For lap-top notes, file them immediately in an electronic file folder labeled with each class you are taking.

Review Your Notes to Embed in Long-Term Memory

Research shows that even if you take notes longhand if you don’t review your notes you won’t fare any better on the test than students who took notes on a laptop or who didn’t take notes at all! Try to review your notes the first time the same day you took them (Friedman, 2014). Then plan time to review during the week so that you are not cramming the night before a test. 

Go back and reread learning materials and/or your notes to improve your comprehension of the material. Be mindful of major concepts or words. Elaborate on what you wrote, maybe correct your spelling. 

As you review your notes, if you have any questions write them down and ask your faculty for clarification — before the test! Keep the answers to your questions with your class notes. 

Neuroscience research shows that information is embedded better after sleep. The night before a test, if you review your notes before you go to bed — and then get some quality sleep — the brain works to solidify that knowledge into memory, which can help you remember those facts for the test and for the long term.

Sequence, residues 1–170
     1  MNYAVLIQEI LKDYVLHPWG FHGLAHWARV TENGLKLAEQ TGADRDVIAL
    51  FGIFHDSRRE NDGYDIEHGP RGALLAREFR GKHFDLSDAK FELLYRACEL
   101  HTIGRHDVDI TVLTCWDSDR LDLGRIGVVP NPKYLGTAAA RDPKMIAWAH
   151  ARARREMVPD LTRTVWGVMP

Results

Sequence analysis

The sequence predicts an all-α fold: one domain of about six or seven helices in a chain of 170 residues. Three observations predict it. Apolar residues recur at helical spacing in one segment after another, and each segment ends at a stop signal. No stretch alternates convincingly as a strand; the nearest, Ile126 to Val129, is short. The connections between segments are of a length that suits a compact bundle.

Application! Application! Application!

Nursing school is not like liberal arts classes. As a nurse, it’s all about application. While there are some facts that you just have to recall (e.g., normal pH = 7.40; the heart has 4 chambers), the majority of nursing test questions should be testing higher cognitive levels — application, analysis, evaluation, synthesis. 

Faculty want you to apply what you are learning; it’s why we emphasize critical thinking so much. If you have a patient with a blood gas of 7.25, PaCO2 60, HCO3 30, PaO2 85 you could easily determine the acid-base status by learning some simple rules. That’s recall with some analysis. But what signs and symptoms would you expect? What is going on in the respiratory and renal systems? That’s what we expect you to be able to figure out. 

My advice is to go back to your notes and ask yourself questions that are application-based. Put these thoughts in the cue/question section. Application is key. Anyone can recall facts. I want to know that you can recognize a problem, think through it, and come to an appropriate solution. 

So when reviewing notes for any nursing class, ask yourself, “How is this information useful to me as a nurse? How can I apply this knowledge?”

This information will help you how? Will you be able to recognize common ailments or complications so you can alert the interdisciplinary team to treat the patient appropriately? Will you be able to prevent a potential problem if you know this information? Diagnose a condition? Order lab tests? Plan treatment? Educate the patient? Comfort a grieving family member? Implement best practices based on research? Lead an interdisciplinary group? Improve a process? Solve an ethical dilemma?

References